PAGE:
We have a perception problem in East Lancashire. Those who live here know what a lovely place it is to live. We’re surrounded by amazing countryside you can get out to for a walk and fresh air, and the coast is only down the road. People think though that we’re all flat caps and cobbled streets, and although we’re proud of our heritage it’s a great place to live now, with a lot to offer. It’s an image problem, and we end up saying to people we’re based near Manchester.

Andrew Turner, managing director, Langtec

The pandemic has exposed vulnerability in supply chains and also the reliance of the area on its aerospace and advanced manufacturing. Government support for businesses, such as the jobs furlough scheme, will also stop at some point.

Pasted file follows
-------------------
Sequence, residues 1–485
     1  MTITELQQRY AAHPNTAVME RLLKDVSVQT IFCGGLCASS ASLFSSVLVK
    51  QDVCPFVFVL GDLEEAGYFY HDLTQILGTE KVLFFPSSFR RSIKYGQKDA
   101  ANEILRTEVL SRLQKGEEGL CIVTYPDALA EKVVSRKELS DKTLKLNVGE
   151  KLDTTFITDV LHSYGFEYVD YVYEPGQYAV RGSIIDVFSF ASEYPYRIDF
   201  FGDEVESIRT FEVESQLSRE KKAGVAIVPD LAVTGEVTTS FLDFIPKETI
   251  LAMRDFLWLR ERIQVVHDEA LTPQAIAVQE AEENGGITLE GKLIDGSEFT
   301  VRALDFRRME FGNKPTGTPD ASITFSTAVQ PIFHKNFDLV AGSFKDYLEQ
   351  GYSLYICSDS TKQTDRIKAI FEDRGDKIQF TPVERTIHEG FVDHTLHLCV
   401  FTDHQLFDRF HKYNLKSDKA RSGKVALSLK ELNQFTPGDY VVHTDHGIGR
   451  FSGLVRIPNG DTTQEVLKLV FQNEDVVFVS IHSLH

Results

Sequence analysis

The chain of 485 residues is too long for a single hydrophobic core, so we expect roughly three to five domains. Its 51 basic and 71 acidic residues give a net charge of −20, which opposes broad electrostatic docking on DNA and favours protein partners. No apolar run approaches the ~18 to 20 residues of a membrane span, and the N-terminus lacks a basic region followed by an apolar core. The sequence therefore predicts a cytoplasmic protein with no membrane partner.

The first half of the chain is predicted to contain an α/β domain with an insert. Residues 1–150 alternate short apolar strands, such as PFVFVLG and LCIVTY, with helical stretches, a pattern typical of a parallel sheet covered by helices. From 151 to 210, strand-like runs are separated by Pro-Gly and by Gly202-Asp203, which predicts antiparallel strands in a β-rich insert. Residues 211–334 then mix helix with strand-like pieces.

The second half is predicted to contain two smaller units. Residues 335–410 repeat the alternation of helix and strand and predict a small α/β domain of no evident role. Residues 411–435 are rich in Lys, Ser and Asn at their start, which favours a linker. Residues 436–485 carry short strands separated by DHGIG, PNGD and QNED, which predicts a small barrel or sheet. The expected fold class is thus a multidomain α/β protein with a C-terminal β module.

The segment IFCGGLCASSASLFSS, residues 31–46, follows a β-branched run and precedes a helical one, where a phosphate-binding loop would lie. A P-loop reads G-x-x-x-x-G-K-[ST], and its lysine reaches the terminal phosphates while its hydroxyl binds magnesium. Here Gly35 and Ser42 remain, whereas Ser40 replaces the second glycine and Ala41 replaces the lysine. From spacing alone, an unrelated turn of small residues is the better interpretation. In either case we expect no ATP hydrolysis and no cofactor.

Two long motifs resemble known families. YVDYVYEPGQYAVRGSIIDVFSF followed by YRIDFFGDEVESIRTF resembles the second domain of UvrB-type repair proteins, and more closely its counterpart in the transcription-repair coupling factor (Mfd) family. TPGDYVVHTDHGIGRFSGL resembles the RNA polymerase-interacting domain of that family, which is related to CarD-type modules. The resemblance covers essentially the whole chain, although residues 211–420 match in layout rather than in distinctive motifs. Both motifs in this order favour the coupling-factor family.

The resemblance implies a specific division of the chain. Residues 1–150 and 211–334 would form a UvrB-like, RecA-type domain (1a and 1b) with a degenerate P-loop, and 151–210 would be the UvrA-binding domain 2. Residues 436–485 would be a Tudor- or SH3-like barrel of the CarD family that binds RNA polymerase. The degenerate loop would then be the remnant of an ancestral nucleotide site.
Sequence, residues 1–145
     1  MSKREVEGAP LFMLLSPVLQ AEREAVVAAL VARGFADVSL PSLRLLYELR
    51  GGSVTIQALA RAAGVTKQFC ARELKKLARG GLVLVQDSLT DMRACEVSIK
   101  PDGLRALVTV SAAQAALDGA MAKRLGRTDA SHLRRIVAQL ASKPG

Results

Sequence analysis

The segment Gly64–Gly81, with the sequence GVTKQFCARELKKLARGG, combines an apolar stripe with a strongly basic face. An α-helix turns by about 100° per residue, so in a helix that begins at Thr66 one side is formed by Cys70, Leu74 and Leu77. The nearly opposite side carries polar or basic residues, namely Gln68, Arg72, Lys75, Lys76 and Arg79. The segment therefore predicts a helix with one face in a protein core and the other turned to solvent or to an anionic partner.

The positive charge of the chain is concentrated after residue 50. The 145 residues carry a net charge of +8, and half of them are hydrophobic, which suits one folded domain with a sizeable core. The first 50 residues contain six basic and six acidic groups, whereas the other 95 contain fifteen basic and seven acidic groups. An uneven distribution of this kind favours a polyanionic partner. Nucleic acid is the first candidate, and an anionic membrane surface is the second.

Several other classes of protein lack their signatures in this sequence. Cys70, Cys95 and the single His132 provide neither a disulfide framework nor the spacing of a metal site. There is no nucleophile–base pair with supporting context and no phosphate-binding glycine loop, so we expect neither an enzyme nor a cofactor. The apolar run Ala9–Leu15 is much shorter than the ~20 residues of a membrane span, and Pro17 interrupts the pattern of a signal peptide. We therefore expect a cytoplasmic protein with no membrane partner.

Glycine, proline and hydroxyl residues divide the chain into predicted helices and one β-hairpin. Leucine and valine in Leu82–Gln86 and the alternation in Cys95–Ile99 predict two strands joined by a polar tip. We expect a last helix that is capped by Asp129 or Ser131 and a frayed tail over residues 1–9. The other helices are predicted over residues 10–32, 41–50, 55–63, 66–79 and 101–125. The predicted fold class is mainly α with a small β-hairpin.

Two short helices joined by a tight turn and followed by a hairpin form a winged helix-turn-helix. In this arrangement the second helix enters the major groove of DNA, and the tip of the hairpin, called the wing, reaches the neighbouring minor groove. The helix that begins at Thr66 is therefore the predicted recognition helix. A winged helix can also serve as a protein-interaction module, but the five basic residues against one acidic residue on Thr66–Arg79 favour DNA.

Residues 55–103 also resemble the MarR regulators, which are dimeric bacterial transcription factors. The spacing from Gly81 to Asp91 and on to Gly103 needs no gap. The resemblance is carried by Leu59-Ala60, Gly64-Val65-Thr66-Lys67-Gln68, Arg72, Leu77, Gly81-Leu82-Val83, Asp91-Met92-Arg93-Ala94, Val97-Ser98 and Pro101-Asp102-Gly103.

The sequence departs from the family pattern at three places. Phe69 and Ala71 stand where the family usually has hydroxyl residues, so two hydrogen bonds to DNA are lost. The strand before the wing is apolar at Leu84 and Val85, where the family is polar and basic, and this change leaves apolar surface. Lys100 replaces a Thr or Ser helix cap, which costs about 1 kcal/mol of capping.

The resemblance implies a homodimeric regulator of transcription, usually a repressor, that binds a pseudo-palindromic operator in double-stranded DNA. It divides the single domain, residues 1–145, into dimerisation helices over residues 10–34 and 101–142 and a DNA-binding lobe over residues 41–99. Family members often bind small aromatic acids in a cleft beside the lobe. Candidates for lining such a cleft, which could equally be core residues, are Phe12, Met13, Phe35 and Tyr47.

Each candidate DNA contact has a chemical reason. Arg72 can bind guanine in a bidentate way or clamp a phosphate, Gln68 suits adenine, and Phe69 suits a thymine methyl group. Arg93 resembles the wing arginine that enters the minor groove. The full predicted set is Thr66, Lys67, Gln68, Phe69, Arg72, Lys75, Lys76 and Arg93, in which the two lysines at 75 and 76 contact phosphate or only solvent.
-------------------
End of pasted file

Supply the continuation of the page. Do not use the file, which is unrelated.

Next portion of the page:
Jimmy King, managing director Pierce


We have the opportunity to change our purchasing strategy to support each other and rebuild our economy. The pandemic has made many companies question the effectiveness of global supply chains and their relationship with, for instance, China. A new focus on resilience: from 'just in time' to 'just in case' has prompted many to look closer to home.

If an item is vital, is it really wise to source it from the far east when a local manufacturer can provide the same item? If you can buy it in Lancashire, buy it in Lancashire. Let’s keep as much money in our local economy first and foremost so that we can afford to be innovative and train local people in new careers and opportunities.  

David Lenehan, managing director Northern Industrial

Attracting the younger generation into traditional industries, which includes investing in apprenticeships. Digital skills will always be a requirement too, as traditional businesses need to change with the times and invest in automated processes and Internet of Things to stay competitive.